“I prefer it when they’re over 1.60 metres and training, because that brings a certain charisma with it, but the basis for everything is an intelligence that has to be there.”
A first UEFA Cup venture was achieved in 2005 having only returned to the top flight the previous year, and following that up with the construction of the 34,000-seater Mewa Arena has turned the ‘allotment club’ into a Bundesliga regular.
Three further Europa League campaigns have followed with the might of Heidel’s achievement shown in stark contrast to a number of struggling giants such as Hamburg, Kaiserslautern and Schalke.
The last of which, Schalke, Heidel joined in 2016 after a tear-flooded farewell, but left in 2019, and the team were then relegated to the second tier for the first time in 30 years.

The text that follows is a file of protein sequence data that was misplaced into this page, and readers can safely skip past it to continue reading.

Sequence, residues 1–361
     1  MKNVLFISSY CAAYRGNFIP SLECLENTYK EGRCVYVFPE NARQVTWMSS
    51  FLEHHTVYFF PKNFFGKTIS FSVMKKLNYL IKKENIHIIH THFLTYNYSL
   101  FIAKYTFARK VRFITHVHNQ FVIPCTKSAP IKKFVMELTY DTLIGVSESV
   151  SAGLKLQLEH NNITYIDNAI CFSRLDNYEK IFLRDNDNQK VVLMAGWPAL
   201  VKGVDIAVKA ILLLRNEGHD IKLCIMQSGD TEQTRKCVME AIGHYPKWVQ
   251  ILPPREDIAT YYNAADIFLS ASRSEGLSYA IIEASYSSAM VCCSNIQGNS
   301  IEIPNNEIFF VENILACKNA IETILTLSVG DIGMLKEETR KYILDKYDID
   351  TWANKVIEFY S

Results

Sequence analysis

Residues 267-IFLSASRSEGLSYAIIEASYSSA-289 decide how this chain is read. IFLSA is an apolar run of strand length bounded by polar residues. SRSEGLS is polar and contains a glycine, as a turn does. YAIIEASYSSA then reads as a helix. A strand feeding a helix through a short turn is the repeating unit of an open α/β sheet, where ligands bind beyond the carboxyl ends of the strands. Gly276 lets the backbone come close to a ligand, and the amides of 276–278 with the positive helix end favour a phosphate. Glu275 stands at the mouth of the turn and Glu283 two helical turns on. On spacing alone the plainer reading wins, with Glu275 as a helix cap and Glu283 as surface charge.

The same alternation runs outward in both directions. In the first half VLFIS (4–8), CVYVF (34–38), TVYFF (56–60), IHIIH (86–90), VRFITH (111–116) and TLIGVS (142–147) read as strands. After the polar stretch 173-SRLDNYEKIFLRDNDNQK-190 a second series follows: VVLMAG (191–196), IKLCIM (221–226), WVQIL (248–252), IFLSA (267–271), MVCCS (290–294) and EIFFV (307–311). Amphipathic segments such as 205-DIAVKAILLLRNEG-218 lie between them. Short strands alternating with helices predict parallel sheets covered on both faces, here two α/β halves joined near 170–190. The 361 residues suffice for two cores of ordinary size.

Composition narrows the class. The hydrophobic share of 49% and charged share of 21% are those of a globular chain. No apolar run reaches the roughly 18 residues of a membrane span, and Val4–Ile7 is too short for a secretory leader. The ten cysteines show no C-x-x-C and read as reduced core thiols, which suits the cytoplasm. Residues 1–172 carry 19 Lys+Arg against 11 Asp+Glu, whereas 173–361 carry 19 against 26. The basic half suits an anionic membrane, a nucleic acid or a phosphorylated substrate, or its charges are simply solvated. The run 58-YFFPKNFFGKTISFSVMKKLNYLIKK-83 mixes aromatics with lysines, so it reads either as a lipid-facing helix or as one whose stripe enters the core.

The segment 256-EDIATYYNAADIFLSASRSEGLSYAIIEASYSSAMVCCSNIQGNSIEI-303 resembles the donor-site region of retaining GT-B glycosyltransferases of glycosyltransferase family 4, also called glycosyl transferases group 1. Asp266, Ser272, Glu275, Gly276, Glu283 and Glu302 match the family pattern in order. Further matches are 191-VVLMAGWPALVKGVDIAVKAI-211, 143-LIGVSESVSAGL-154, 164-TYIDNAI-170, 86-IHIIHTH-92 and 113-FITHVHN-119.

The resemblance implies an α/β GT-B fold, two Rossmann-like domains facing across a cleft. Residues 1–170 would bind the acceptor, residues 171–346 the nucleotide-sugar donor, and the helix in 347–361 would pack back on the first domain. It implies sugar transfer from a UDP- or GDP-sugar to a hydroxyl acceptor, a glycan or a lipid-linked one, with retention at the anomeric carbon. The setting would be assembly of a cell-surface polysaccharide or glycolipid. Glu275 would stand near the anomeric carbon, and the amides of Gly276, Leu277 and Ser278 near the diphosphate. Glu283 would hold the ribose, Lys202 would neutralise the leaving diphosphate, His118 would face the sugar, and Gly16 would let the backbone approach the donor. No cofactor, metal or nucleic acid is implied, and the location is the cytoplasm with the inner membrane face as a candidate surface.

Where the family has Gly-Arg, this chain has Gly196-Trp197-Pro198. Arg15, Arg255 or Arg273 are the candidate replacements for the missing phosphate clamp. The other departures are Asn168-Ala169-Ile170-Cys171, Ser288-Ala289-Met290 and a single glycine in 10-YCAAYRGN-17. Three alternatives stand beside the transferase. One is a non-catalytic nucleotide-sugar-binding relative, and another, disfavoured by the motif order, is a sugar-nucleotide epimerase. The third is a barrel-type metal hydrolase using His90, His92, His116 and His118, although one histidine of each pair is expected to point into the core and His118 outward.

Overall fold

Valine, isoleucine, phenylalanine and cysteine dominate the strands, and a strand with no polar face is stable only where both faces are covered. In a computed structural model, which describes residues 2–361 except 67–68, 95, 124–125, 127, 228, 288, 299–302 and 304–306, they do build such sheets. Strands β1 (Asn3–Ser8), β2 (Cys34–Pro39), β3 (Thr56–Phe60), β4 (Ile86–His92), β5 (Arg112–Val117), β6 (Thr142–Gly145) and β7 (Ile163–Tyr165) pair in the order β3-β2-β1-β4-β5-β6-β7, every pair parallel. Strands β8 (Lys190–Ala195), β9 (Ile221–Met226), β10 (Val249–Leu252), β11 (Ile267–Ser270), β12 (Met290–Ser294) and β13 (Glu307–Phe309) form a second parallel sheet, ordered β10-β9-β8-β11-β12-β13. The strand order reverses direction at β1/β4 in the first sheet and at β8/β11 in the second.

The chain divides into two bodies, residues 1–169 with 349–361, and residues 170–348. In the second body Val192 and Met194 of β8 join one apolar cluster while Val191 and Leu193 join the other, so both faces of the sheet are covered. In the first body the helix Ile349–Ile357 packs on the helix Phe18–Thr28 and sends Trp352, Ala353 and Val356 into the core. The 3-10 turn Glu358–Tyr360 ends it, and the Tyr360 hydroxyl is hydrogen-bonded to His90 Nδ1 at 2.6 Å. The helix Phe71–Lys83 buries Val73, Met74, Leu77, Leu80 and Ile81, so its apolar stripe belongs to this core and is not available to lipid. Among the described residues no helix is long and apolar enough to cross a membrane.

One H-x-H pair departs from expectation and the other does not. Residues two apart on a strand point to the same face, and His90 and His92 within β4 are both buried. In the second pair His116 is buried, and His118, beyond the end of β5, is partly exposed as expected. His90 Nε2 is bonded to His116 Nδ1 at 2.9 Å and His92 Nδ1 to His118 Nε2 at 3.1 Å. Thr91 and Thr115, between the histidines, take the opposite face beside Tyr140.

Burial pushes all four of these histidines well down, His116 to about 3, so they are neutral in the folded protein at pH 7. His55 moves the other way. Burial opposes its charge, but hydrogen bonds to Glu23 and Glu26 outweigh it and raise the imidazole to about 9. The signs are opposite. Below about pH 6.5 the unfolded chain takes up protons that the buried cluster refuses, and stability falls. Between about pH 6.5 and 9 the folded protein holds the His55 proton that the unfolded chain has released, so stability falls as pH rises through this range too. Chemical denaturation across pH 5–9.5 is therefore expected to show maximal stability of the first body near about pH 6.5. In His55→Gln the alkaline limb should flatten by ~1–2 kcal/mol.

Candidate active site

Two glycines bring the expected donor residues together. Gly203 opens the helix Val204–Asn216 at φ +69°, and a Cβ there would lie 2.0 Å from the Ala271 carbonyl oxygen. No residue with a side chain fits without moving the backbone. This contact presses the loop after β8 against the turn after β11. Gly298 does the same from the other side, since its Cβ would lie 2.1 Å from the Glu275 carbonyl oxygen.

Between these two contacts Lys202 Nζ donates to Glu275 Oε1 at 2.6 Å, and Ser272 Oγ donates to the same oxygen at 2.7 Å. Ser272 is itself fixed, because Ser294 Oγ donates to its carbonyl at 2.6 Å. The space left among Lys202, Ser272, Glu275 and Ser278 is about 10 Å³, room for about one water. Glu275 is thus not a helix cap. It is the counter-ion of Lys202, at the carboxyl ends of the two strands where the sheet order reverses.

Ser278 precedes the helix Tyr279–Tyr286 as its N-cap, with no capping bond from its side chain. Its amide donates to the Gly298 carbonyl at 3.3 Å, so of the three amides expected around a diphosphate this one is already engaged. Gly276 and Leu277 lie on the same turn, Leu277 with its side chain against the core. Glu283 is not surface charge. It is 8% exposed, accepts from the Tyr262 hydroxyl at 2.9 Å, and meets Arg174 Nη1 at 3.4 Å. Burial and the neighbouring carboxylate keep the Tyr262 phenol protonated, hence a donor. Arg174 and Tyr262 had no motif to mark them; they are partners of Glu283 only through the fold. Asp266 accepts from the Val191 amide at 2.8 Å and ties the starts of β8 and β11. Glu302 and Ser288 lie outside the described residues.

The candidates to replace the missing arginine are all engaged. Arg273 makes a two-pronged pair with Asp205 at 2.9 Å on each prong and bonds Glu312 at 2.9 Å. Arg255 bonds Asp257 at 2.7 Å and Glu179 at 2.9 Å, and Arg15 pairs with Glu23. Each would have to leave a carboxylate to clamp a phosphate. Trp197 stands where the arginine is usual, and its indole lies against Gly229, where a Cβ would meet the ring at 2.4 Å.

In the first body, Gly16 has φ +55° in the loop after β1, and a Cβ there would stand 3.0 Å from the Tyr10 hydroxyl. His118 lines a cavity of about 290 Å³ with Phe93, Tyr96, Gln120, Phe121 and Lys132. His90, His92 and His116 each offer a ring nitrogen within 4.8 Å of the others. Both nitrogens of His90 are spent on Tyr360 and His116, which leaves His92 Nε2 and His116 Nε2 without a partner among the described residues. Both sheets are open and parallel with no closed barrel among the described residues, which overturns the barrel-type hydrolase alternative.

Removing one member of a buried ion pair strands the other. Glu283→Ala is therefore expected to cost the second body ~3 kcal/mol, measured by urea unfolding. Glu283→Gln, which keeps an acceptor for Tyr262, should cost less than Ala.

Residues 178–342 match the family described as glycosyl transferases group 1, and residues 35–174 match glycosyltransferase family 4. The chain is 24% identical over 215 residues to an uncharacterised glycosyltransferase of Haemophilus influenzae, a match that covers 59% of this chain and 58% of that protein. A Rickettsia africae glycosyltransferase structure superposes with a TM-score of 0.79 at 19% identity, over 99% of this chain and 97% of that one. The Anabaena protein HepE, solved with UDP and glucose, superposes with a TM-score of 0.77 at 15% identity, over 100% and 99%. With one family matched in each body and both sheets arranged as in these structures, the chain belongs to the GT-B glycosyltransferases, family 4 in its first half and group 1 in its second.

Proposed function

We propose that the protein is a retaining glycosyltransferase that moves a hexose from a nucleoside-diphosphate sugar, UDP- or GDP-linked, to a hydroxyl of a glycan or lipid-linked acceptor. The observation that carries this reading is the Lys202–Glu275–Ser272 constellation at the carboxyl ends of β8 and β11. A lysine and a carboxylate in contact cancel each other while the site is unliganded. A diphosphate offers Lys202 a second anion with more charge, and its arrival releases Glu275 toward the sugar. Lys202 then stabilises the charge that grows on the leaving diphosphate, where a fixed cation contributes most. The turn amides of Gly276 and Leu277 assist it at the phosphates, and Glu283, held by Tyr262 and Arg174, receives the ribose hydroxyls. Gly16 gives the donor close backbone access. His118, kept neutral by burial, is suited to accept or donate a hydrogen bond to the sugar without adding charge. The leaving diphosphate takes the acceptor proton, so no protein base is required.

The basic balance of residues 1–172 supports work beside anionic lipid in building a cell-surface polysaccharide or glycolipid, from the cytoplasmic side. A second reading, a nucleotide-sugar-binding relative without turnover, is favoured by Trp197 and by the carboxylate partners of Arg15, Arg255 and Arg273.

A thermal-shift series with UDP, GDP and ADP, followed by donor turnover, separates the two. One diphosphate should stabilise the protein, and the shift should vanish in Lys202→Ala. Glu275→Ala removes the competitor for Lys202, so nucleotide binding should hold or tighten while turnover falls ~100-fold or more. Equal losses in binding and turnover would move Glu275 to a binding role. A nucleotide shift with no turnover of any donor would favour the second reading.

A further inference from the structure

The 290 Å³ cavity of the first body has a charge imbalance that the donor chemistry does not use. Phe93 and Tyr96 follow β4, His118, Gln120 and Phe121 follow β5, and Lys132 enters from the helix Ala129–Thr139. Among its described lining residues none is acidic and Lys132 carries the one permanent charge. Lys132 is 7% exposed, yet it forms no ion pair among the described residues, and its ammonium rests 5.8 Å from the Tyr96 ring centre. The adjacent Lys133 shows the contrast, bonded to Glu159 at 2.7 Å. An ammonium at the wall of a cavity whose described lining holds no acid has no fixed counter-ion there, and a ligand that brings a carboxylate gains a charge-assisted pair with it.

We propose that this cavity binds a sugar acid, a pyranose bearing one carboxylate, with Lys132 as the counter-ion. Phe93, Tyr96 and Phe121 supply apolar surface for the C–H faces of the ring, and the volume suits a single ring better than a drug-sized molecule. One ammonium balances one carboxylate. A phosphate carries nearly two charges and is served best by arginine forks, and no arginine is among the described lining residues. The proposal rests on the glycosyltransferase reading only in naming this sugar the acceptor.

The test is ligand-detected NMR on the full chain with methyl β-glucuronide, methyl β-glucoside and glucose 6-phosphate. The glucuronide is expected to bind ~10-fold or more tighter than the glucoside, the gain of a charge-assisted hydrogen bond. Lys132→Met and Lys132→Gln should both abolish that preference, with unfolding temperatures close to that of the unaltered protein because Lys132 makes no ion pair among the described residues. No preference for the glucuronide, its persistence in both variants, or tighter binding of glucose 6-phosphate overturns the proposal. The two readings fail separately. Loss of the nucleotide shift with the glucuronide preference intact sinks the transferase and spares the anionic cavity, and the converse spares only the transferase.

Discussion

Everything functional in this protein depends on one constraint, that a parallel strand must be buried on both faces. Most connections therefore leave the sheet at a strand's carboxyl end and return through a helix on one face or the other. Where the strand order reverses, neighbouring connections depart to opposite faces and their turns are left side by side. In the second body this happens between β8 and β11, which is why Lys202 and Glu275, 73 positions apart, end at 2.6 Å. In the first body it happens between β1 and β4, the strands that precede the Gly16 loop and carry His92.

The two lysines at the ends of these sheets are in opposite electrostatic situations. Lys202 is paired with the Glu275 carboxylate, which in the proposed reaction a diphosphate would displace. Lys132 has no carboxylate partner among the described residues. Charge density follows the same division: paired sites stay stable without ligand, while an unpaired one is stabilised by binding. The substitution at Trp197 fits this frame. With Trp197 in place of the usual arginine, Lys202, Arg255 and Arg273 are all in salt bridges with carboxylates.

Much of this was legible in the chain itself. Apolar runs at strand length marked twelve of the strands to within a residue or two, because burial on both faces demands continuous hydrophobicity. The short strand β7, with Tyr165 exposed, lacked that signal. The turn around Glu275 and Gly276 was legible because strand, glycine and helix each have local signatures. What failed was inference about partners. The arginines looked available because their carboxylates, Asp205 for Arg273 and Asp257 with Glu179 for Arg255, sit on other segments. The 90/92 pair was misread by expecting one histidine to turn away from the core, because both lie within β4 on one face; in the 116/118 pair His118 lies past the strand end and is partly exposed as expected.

Klopp spoke at Heidel’s Mainz departure, with a message from Anfield popping up on the big screen.
“Maybe you have to say you were the heart and soul of this club,” Klopp said, and was proved right when Heidel returned in 2020.
This year marks three decades since the used car salesman joined his local side’s struggling boardroom, and his impact on them has been unrivalled in Europe.
However, Heidel remains an unknown outside of Germany, which should come as a surprise considering his impact on the global game will be in full view on the touchline at Wembley on Saturday.